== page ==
Using MC-ICP-MS in Objective Determination of Provenance
Spectroscopy: How did you become interested in objective determination of provenance using multicollector inductively coupled plasma–mass spectrometry?
Vanhaecke: When I was carrying out my PhD research on fundamental aspects of ICP-MS in the late 1980s and early 1990s, another research group in the department of Analytical Chemistry at Ghent University was developing various techniques for provenancing of ancient marble. I got sideways involved, as this was the PhD research topic of my then girlfriend (now my wife for 19 years). Later on, I began using single-collector ICP-MS for trace-element fingerprinting and isotopic analysis of lead in the context of archaeometry every so often. Much of this work was carried out in cooperation with Prof. Martín Resano from the University of Zaragoza (for example, Spanish medieval ceramics, Celtiberian coins, rock art paintings). We also paid attention to provenancing of diamonds and of wine in that period. By acquiring multicollector ICP-MS in my research group and by starting to collaborate with colleagues from various other research institutions, primarily the universities of Leuven (Prof. Patrick Degryse) and Brussels (Prof. Philippe Claeys), provenance determination in the context of archaeometry has become one of the major research lines in my research group. Also, further cooperation with the University of Zaragoza is still ongoing.
Spectroscopy: What is innovative about your approach?
Vanhaecke: When deploying ICP-MS for objective provenance determination in an archaeometric context, one can either rely on trace-element fingerprinting or on isotope ratio determination. The isotopic composition of most of the target elements is more robust (that is, not changed upon processing of the raw material or the manufacturing of the final object) and can often be linked to, for example, the raw material used for the manufacturing of an artifact (ore, clay) or the geographical area of a living species (plant or animal) and the material derived there from. We aim at expanding the application range of isotopic analysis in this context by not only relying on elements that show a quite pronounced natural variation in their isotopic composition as a result of one or more of their isotopes being radiogenic (such as strontium or lead), but by also including elements the isotopic composition of which only shows much more subtle natural variation as a result of isotope fractionation processes. Except perhaps for the lightest elements, only multicollector instrumentation provides sufficient precision for successful isotopic analysis of such elements.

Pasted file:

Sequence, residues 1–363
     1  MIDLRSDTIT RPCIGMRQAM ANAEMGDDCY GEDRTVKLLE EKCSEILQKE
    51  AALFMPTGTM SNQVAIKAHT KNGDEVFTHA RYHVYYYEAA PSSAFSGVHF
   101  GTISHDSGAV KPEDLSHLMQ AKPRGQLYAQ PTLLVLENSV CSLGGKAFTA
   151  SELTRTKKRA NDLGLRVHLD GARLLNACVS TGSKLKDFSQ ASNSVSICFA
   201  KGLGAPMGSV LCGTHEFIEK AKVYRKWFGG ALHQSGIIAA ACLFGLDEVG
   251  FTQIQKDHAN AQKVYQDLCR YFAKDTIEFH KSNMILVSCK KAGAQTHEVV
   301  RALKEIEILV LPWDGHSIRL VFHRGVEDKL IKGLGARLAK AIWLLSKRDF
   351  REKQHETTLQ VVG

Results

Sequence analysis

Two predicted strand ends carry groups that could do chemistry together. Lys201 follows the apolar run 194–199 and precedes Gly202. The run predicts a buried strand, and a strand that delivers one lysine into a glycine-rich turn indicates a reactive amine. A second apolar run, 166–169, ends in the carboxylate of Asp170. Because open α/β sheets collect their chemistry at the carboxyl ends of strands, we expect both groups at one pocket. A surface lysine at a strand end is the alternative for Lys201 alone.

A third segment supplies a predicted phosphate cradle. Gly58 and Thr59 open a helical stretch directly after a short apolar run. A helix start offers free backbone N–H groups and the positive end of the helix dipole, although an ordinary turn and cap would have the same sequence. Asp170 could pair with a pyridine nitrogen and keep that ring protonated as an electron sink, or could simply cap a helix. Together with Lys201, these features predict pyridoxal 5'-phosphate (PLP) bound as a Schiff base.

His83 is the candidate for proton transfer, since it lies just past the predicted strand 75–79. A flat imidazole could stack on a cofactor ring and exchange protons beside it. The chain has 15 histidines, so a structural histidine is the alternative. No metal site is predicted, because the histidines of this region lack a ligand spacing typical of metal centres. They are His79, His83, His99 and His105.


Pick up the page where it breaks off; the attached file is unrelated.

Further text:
Spectroscopy: In doing this work, what obstacles have you had to overcome?
Vanhaecke: A major hurdle is ensuring the financial means to be able to continue our work. Acquiring high-end ICP-MS instrumentation is expensive and also the running costs are high. With the economic crisis, it is getting harder to find the funding for research that cannot immediately be monetized.
But, also from a scientific point of view, there are plenty of challenges. An analytical approach for quantitative isolation from the concomitant matrix needs to be developed every time a new target element or material is considered. Also, the correction for instrumental mass discrimination (an instrument-induced bias of typically ~1% compared to a precision as low as 0.001%) needs to be paid attention to, especially as this phenomenon is not entirely understood yet. Self-evidently, also finding relevant archaeological problems to be studied and obtaining suitable sample material is a great challenge, but fortunately, our existing collaboration with colleagues from that field covers that aspect.
Spectroscopy: What results have you seen so far?
Vanhaecke: We have shown that “panoramic” multielement analysis, combined with chemometric treatment of the multivariate data, opens possibilities for a variety of materials. We have carried out isotopic analysis of the “usual suspects,” strontium and lead, in both traditional and more novel contexts (for example, of strontium for provenance determination of human remains in present-day forensic cases and of lead to study prenatal lead intoxication during the Roman era). We have tailored or are tailoring analytical approaches for isotopic analysis of elements such as B, Cu, Fe, Sb, Sn, and Zn and are evaluating the merits of their isotopic systems for use in archaeometric studies.
Spectroscopy: What are your next steps in this work?
Vanhaecke: In addition to deploying the analytical protocols developed on artifacts of high archaeological relevance, we also aim at deploying these approaches in different contexts. For instance, we are currently investigating whether isotopic analysis of transition metals in human whole blood can be deployed as a means to diagnose diseases affecting the metabolism of these metals, diseases that otherwise can only be diagnosed at a later stage or via more invasive methods. And of course, we will also continue to study the capabilities (and limitations) of other isotopic systems that have not yet been sufficiently characterized so far. Next to more application-oriented research, we also focus on more fundamentally oriented research, and in this context, our systematic studies of the aforementioned instrumental mass discrimination can be mentioned. Finally, we would like to also evaluate the use of laser ablation multicollector ICP-MS in this context, as this would make our approaches less invasive, which is always appreciated by the archaeologists and, especially, by the owners of the artifacts studied.
This interview has been edited for length and clarity.